Wednesday, February 11, 2015
Decision of Controversial San Diego Judge Denying Name Change Found ‘Arbitrary and Capricious’
By a MetNews Staff Writer
San Diego Superior Court Judge Lisa Schall acted in a manner that was “arbitrary and capricious” in denying a petition by a man to change his name without giving a reason, the Court of Appeal ruled yesterday.
The Fourth District’s Div. One sent the case back to Schall telling her to either allow the petitioner, Daniel Patrick Shelley, to change his name to “Daniel Hector MacKinnon,” or come up with some reasons for the denial.
Justice Terry B. O’Rourke said, in an unpublished opinion:
San Diego Superior Court Judge
“The record does not indicate anyone opposed Shelley’s petition for a name change. Moreover, the record shows Shelley requested the name change because it was used by a family member and he liked it more than his own. Thus, Shelley appears to have met the statutory requirements under [Code of Civil Procedure] section 1275 et seq. Nothing in the record indicates Shelley’s petition implicated fraud, invasion of any legal rights, unfair competition, or violated public policy….In the minute order, the court acknowledged it was declining to provide a reason for denying the petition. On this record, the court’s denial is inconsistent with the common law right to change one’s name. We conclude the court abused its discretion by denying Shelley’s petition without stating any reason for doing so.”
The case is Shelly v. Superior Court, D065580.
Century Park attorney John Viola, who represented Shelly on appeal, commented:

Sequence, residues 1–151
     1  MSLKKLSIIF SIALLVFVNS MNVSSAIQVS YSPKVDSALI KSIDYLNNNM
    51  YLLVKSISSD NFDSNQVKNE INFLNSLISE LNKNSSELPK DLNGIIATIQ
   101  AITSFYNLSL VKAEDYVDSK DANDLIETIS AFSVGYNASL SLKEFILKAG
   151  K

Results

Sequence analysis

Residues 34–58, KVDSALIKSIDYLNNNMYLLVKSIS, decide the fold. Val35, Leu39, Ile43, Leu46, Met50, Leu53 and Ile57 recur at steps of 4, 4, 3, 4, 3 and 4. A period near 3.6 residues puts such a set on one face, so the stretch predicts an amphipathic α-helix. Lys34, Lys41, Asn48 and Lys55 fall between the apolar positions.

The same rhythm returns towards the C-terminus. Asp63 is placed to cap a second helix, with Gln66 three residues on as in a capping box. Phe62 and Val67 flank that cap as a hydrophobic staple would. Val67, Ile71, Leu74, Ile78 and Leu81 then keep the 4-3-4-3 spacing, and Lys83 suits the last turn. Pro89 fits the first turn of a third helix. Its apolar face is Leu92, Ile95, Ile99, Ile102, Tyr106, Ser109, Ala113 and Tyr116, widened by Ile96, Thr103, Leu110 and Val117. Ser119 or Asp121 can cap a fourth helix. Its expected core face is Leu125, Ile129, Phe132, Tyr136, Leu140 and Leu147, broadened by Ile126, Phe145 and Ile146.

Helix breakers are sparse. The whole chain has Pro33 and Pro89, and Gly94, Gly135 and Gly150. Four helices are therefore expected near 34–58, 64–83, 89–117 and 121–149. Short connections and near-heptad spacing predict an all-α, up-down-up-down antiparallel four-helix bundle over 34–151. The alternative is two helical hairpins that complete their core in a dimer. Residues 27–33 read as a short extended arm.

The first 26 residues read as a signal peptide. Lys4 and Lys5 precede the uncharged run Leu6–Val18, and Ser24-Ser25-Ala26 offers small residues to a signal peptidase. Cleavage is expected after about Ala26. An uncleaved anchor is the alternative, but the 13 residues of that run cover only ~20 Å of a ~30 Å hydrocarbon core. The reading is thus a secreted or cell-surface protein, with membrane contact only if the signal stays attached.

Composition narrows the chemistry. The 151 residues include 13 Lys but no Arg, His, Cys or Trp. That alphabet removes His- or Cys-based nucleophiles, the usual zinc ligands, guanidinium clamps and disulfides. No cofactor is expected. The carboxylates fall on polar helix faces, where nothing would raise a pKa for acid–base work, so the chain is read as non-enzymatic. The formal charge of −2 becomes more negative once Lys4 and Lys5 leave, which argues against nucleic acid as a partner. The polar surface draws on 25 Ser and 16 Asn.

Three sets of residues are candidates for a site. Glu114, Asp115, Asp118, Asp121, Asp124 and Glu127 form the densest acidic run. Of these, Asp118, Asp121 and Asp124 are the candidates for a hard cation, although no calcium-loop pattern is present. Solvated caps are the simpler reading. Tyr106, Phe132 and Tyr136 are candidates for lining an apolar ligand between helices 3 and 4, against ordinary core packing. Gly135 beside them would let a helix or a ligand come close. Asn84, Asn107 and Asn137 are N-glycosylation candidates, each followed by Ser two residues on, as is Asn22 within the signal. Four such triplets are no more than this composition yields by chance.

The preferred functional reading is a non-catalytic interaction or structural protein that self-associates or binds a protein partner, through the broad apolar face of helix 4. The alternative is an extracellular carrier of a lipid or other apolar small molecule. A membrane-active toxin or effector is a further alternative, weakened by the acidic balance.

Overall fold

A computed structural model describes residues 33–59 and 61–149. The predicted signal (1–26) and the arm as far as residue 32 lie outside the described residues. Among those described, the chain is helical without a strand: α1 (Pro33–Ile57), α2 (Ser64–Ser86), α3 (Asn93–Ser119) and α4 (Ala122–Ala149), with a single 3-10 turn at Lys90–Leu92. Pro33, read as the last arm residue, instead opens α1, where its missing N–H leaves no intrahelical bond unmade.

“I feel that there may have been some impropriety in the adjudication of this case. It appears that Judge Schall may have relied on evidence not disclosed to the petitioner and/or on undisclosed ex parte communications.”
Schall is a somewhat controversial figure. The Commission on Judicial Performance on Sept, 5, 2008, issued a public admonishment of her.
She had pled guilty earlier that year to alcohol related reckless driving. She was arrested after driving on the wrong side of a divided highway and failing a field sobriety test.
Schall had a blood alcohol reading of .09.
The commission commented that her offense “evidences a serious disregard of the principles of personal and official conduct embodied in the California Code of Judicial Ethics.”
(The conviction was expunged in 2011.)
Schall received a private admonishment in 1995 for becoming personally embroiled in a juvenile dependency proceeding, and a public one in 1999 for misusing contempt powers.
In the latter instance, Schall found a woman in contempt of court in her absence, without giving her an opportunity to be heard, and had her jailed for five days. The commission remarked:
“Judge Guy-Schall, who had been a judge for ten years at the time of the incident, was obligated to know or research proper contempt procedures.”
Schall beat off an election challenge last June.
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